Guidelines for Parenting Time Plans
The courts may start with basic guidelines for parenting time, depending on the age of the child. For infants up to 6 months old, basic access includes brief but frequent visits during the week, with a recommended two hour visit, three times a week, later adding another four hour visit during the weekend. In Pima County, the Courts tend to get as close to 50/50 time sharing of children even at the youngest ages.
While in the past for children up to three-years-old, basic access may include a Saturday, increasing to alternate weekends, and a mid-week visit, now the courts often grant a 5-2-2-5 parenting time schedule. Under this plan, the children are with one parent for Monday and Tuesday, with the other parent Wednesday and Thursday, and then alternate weekends. In this way, the child is not away from either parent for more than 5 days at a time. However, as children enter junior high school and beyond, increased consideration should be given to the child's activities, and a more flexible parenting time schedule is recommended, oftentimes moving to a week on/week off schedule between parents.
Vacation time can be difficult to balance with parenting time plans. The court does not recommend keeping a child under the age of three away from the primary parent for more than a week at a time. After that, it is not recommended they are deprived of contact with the parent for more than two consecutive weeks. For children over the age of 6, vacation access may be extended up to 10 weeks, but should generally be in the range of two to four weeks long. Each parent should be afforded two weeks of uninterrupted out-of-town travel, with the other parent allowed equal access parenting time.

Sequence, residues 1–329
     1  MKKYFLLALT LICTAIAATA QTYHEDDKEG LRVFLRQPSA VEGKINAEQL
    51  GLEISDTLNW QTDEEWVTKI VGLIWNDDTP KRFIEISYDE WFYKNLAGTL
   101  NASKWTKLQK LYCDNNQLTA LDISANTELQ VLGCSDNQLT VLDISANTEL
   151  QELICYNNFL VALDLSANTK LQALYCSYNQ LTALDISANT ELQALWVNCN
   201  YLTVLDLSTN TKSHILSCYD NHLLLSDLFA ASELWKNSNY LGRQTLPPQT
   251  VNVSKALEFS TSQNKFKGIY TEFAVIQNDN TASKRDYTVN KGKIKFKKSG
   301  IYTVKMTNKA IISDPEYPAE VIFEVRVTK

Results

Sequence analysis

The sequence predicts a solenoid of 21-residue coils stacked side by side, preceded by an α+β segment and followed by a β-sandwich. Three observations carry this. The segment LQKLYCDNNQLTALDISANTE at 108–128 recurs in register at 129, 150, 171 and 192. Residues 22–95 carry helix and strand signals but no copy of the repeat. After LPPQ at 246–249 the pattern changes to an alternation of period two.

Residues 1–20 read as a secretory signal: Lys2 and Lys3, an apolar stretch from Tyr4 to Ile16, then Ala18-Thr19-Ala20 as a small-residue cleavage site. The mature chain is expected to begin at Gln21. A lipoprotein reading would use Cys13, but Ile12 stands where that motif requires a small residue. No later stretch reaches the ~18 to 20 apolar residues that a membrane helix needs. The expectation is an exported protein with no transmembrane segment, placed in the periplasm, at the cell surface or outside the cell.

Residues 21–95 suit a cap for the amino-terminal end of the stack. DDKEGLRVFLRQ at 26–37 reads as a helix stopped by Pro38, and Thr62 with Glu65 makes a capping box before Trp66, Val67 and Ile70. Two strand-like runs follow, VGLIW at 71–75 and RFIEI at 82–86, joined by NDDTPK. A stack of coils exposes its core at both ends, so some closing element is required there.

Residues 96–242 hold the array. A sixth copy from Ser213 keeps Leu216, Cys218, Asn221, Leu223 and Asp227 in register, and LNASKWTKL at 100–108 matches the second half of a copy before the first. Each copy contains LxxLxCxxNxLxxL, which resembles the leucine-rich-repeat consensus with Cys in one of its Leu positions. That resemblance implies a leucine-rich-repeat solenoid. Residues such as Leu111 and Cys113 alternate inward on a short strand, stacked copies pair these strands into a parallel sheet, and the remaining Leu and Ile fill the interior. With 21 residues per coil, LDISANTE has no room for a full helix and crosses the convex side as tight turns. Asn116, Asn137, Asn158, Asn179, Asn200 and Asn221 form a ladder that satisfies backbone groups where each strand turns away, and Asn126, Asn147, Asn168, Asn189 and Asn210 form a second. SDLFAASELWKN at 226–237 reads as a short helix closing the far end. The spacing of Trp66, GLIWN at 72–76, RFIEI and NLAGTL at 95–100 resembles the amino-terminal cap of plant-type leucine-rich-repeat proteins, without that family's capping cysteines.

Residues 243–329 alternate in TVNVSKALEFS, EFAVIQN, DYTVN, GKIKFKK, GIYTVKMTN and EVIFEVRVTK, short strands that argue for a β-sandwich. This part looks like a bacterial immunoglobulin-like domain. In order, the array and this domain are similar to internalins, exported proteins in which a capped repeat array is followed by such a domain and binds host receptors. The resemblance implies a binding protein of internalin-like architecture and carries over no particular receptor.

In cases of long-distance parenting access, parenting time plans may be more complicated. For school-age children, access during the summer is recommended, from four to 10 weeks, with consideration of the child's other activities. Additional access is recommended during the school year, especially during extended weekends.
Violating Parenting Time Orders
Violating court orders regarding parenting time and custody can result in criminal charges, or a modification of parenting time for the parent in violation. This may occur when one parent does not drop off the child at the predetermined time and place, or if the parent makes the child unavailable by going out of town.
Self-help remedies are not recommended when there are disputes between the parents. If the parents want to make any changes to custodial orders, they should go through the official legal channels to avoid contempt of court orders or criminal charges.
Making Changes to Court Custody Orders
Of course, parenting time may change over time as the child grows up and their individual needs change and evolve. Orders for decision-making and parenting time may be modified by the court based on the best interests of the child.